A key theme he comes back to, over and over, is the power the photographs have to make people real. “I love how these images humanize people,” he says.
That was one of the real impacts of Alexander Gardner’s twenty-photo series from Antietam. “It shocked the nation,” Garry says. “I can’t stress that enough.”
He invites the audience to look closely: “Bodies piled up, lonely, far from home,” he says. “It’s the antithesis of everything people had learned about what war was supposed to be.”
Exactly 97 photos exist of dead soldiers taken on battlefields: Antietam, Corinth, Second Fredericksburg, Gettysburg, Spotsylvania, Fredericksburg in 1864, and Petersburg.
He also shares a sequence from Petersburg where the photographer used an assistant to pose as a dead man. The man, an African American, lies among actual dead, creating the appearance of a civilian among the soldiers. As Garry explores the photos, and we understand the backstory, they take on a note of humor as the assistant appears first one place and then another. “Here he is in a ditch!” Garry points out. It’s “Where’s Waldo” at its most macabre.
But Garry uses the humor to circle back to his main point: the humanity of the people in the photos. Many of them, he points out, smile just as he had us in the room smiling. “I’ve documented more than 90 smiles in Civil War photos,” he says, showing us one after another. For those used to impassive facial expressions or grim visages in historical images, the smiles are refreshing, enlivening, real.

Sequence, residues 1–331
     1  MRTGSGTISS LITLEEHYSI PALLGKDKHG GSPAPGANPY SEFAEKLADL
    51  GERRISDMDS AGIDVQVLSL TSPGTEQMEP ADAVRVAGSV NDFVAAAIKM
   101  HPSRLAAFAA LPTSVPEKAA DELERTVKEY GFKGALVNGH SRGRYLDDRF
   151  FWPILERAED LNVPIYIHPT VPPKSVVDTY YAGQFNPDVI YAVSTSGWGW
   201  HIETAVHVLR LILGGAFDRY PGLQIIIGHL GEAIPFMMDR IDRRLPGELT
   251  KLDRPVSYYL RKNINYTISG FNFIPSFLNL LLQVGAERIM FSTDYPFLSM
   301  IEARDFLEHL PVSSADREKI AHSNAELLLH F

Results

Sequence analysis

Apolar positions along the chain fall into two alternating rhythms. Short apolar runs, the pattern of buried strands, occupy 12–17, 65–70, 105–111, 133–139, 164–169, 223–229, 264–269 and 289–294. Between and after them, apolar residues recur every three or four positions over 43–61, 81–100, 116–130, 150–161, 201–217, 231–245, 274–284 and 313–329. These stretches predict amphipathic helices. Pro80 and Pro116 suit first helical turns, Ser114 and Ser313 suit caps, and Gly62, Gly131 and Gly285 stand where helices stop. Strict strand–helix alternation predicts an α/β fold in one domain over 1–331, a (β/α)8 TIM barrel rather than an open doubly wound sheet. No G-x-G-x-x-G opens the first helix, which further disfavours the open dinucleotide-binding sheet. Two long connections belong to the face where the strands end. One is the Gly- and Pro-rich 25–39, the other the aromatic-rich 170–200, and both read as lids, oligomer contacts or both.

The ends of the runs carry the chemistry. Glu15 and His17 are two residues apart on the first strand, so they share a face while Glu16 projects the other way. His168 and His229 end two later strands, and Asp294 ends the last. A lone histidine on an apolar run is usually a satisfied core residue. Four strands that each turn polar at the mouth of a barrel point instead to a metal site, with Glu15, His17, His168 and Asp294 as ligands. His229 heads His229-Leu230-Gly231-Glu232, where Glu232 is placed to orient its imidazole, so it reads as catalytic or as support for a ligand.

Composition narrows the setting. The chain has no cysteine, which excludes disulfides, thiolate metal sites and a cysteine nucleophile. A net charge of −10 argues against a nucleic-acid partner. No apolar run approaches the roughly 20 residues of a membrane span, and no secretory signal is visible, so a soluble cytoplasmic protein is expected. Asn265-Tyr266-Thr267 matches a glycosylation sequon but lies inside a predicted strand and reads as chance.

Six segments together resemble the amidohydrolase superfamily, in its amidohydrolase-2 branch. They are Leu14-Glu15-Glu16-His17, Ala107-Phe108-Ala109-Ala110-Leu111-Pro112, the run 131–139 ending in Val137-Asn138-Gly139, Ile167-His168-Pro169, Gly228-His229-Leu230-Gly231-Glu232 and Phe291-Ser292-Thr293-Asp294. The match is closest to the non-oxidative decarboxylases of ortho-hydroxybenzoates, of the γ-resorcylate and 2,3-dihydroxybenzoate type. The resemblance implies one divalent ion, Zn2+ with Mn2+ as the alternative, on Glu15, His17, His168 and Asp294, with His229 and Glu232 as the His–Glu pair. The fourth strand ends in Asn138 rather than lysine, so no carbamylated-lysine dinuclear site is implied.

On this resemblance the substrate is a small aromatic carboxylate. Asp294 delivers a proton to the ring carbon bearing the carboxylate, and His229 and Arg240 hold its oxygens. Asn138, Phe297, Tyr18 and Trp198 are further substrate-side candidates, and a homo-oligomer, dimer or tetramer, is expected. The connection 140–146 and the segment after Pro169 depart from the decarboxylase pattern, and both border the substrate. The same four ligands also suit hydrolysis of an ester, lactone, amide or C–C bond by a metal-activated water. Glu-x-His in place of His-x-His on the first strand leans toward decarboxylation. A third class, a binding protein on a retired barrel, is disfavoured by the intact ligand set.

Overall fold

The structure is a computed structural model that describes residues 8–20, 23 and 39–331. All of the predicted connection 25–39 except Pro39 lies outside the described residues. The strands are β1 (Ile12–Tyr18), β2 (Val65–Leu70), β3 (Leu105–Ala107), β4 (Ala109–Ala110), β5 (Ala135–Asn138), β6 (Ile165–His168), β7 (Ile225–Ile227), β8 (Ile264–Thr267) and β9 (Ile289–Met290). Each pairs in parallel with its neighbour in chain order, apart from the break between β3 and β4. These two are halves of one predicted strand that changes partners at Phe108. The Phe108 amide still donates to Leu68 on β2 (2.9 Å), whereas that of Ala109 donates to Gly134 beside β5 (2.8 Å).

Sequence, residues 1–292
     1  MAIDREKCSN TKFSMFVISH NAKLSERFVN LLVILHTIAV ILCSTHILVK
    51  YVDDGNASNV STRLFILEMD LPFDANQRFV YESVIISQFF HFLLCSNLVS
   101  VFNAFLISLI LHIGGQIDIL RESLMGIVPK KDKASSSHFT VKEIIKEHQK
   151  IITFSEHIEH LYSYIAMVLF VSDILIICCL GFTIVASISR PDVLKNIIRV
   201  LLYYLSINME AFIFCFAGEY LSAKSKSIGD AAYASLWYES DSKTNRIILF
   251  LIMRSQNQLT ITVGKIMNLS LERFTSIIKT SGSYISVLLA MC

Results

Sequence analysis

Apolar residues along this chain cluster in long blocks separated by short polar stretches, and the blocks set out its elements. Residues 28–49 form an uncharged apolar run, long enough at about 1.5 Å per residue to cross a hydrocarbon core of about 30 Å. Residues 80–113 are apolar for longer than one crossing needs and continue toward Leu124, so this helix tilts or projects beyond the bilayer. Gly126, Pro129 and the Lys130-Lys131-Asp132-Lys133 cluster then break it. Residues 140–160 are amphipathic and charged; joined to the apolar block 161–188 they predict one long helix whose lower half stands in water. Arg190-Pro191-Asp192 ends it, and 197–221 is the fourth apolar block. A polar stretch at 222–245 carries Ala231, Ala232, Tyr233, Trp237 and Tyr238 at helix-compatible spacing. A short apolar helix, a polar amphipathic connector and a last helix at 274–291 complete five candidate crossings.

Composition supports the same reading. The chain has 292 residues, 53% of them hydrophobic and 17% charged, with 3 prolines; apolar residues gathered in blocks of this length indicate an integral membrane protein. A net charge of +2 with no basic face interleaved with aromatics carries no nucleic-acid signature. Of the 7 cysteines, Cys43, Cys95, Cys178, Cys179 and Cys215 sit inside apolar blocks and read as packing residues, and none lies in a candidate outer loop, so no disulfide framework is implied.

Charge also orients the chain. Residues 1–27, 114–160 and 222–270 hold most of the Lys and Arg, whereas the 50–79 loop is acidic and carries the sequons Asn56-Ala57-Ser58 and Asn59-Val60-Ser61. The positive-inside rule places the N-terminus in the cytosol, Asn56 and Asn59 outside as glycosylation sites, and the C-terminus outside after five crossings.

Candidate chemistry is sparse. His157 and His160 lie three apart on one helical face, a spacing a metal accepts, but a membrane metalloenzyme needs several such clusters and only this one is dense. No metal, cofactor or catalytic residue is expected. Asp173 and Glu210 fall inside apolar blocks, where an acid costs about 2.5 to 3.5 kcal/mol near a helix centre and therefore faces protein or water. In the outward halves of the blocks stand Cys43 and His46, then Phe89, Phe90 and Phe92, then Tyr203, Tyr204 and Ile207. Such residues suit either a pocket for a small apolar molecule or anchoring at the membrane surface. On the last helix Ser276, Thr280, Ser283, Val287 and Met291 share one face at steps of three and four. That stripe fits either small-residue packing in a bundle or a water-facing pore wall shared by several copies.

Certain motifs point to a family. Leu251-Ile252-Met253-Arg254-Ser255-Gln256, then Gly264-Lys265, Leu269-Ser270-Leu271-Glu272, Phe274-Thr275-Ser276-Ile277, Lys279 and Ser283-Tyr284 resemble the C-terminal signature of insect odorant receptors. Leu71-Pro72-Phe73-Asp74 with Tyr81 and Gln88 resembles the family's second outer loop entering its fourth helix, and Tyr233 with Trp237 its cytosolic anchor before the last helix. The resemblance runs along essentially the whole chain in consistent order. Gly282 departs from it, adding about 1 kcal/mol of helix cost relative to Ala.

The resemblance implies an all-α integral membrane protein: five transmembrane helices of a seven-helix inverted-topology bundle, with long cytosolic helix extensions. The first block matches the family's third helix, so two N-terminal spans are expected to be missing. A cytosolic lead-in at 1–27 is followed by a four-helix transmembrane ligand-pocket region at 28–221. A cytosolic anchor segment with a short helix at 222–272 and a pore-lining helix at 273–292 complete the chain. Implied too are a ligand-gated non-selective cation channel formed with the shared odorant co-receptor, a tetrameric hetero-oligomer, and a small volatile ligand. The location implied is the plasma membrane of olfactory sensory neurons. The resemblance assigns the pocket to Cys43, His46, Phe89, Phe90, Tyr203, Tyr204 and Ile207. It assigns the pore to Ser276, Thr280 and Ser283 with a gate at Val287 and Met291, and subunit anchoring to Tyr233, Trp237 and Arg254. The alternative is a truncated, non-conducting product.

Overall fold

We also have fun with hats. He shows us image after image of men wearing top hats. “Anyone with a top hat is Lincoln,” he says, poking fun at the many photos that have been enthusiastically but mistakenly identified as images of Lincoln. We even see several images that have several Lincolns and an image of Teddy Roosevelt in a top hat. “Definitely Lincoln,” Garry says.
We also have fun watching Garry reproduce the famous postwar image of Robert E. Lee standing on his porch in Lincoln. He shares years of pictures on him standing in the same spot, trying to strike the same pose, working to get the same facial expression. He invites us onto the porch to join him and his so-called “loser friends” as they have fun, and so we get to have fun with them.
Standing in the footsteps of Lee provides a literal illustration of one of Garry’s main points. “People from the past are just like us,” he reminds us. “We see them, and they’re in black and white. They seem so different. We think they’re not as smart as us.” To think that way about them is to do them injustice.
That, to Garry, sits at the heart of his Civil War photography studies. “One of the reasons I study battlefield photography: I think we owe it to the troops who were there,” Garry says.
And that brings him to his invitation to the teachers. “You and your students can download these photos and explore them for yourselves,” he says. “Any of you can start looking around and asking questions.”
The Library of Congress has “the lion’s share of the Civil War documentary photographs,” he explained, and all are downloadable for free.
He also points to the Trust’s photography services available to teachers, including 3-D photography resources available at cost.
One of the most poignant moments comes when he shows some photos of veterans attending the 1938. One of the photos shows a movie camera taking pictures. “These men saw planes and tanks and color film,” Garry says. Imagine the changes they saw in their lifetime.
That is Garry’s talent as a presenter. He uses the images in the best possible way as interpretive terms, to invite us into the stories of the men and women in those images, to see the past and help us understand the present, to remind us that they were just like us.